Launching in late July, The Forgotten City is a testament to how smart quest structure and methodical worldbuilding can elevate your average murder-mystery into something more substantial. Of course, exploring thought experiments through games isn’t a new concept, and many popular games from Mass Effect to Portal have waded into conversations around everything from morality and ethics to free will and epistemology.
But even when The Forgotten City’s arguments retrace well-trodden philosophical ground, Modern Storyteller still manages to strike a winning combination of emotional chords and a few surprises. The premise is straightforward: you’re sucked into a time loop where if one person in an ancient Roman city sins, everyone dies. Your job is to help the residents with their problems so they don’t resort to sinful things like, say, horrible acts of violence. At the same time, you need to figure out what the hell is going on, and get back to modernity in one piece.
The Forgotten City’s roots lie in Skyrim’s crime/judgement system, and it does a satisfying, if occasionally heavy-handed job of hammering home the problems with absolute morality. But the real pleasures I had were exploring and taking “photos” – the city is a visual feast. It’s home sweet home for someone who appreciates seemingly small worldbuilding details. Naturally, if you played the original Skyrim mod, it’s relatively easy to figure out the parallels between the standalone game, but the new ancient Roman setting conceals its own secrets.
You initially get sent into the city ruins by a mysterious stranger, after which the vibe ramps up from perplexing new adventure to low-key existential horror. Unnerving golden statues line the way into the city – it’s here that the art direction really shines (sorry, pun) with its use of shadows stoking my most neurotic tendencies, because these statues were clearly once people. From there, the game patiently builds on this sense of ambient horror which culminates in a particularly visceral storyline in the city’s palace.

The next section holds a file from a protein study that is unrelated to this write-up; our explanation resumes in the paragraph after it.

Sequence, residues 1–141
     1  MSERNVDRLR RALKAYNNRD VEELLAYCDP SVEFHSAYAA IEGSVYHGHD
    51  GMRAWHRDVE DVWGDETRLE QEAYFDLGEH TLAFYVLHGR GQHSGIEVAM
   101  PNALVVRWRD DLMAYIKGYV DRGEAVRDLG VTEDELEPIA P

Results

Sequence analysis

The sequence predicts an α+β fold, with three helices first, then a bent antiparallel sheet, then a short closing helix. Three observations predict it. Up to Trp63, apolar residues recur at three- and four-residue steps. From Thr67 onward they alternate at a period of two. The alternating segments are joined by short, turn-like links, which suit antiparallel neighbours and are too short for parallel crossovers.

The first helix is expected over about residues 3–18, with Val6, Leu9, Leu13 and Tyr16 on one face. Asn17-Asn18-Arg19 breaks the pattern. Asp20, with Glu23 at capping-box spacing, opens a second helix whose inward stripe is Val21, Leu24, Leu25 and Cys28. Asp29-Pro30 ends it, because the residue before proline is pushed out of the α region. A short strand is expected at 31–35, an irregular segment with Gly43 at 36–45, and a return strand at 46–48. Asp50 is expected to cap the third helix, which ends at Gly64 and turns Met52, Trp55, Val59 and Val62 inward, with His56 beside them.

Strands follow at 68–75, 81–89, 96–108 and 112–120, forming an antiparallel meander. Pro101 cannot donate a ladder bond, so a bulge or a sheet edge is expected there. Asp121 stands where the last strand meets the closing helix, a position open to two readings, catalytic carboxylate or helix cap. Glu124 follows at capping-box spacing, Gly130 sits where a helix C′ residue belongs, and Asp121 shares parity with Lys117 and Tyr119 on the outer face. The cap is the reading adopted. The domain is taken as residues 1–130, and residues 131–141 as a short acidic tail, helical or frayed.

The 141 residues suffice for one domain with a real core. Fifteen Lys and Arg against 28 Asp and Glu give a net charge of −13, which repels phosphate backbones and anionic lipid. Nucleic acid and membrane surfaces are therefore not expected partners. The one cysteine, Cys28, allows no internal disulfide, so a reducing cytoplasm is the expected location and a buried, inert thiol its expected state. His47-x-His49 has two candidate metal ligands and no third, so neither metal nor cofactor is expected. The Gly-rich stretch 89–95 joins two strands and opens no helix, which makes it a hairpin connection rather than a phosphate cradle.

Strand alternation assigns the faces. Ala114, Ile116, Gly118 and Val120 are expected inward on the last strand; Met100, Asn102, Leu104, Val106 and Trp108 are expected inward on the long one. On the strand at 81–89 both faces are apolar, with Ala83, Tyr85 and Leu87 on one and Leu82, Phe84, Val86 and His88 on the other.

It’s all one densely packed mega-quest made up of familiar tasks: finding items, puzzling out tricky dialogue choices, and mercifully little combat (what little there is seems to be optional). There are energizing moments of Tomb Raider parkour antics, which is nice when you need a change of pace. Modern Storyteller adds a few helpful features to expedite each subsequent time loop — you don’t have to do every fetch quest every time you restart, you keep your inventory, and certain changes in the world will stick (you’ll also get a zipline device, which saves some time getting around). Bethesda fans might appreciate the game’s occasional Skyrim ghosts in the form of a few glitches — characters getting clipped in walls and their pathing AI wonking out here and there, which I found more endearing than anything.
With multiple endings and various ways to tackle quests, there’s plenty to experiment with in The Forgotten City. The game does a fantastic job of emotionally cementing you to the welfare of people in the city — some whom you care about, and some who honestly could just kick rocks. I still feel a nagging urge to embrace my inner completionist, and in time, I’ll probably head back to try different outcomes and tie up loose ends in what’s shaping up to be one of the most compelling games of 2021.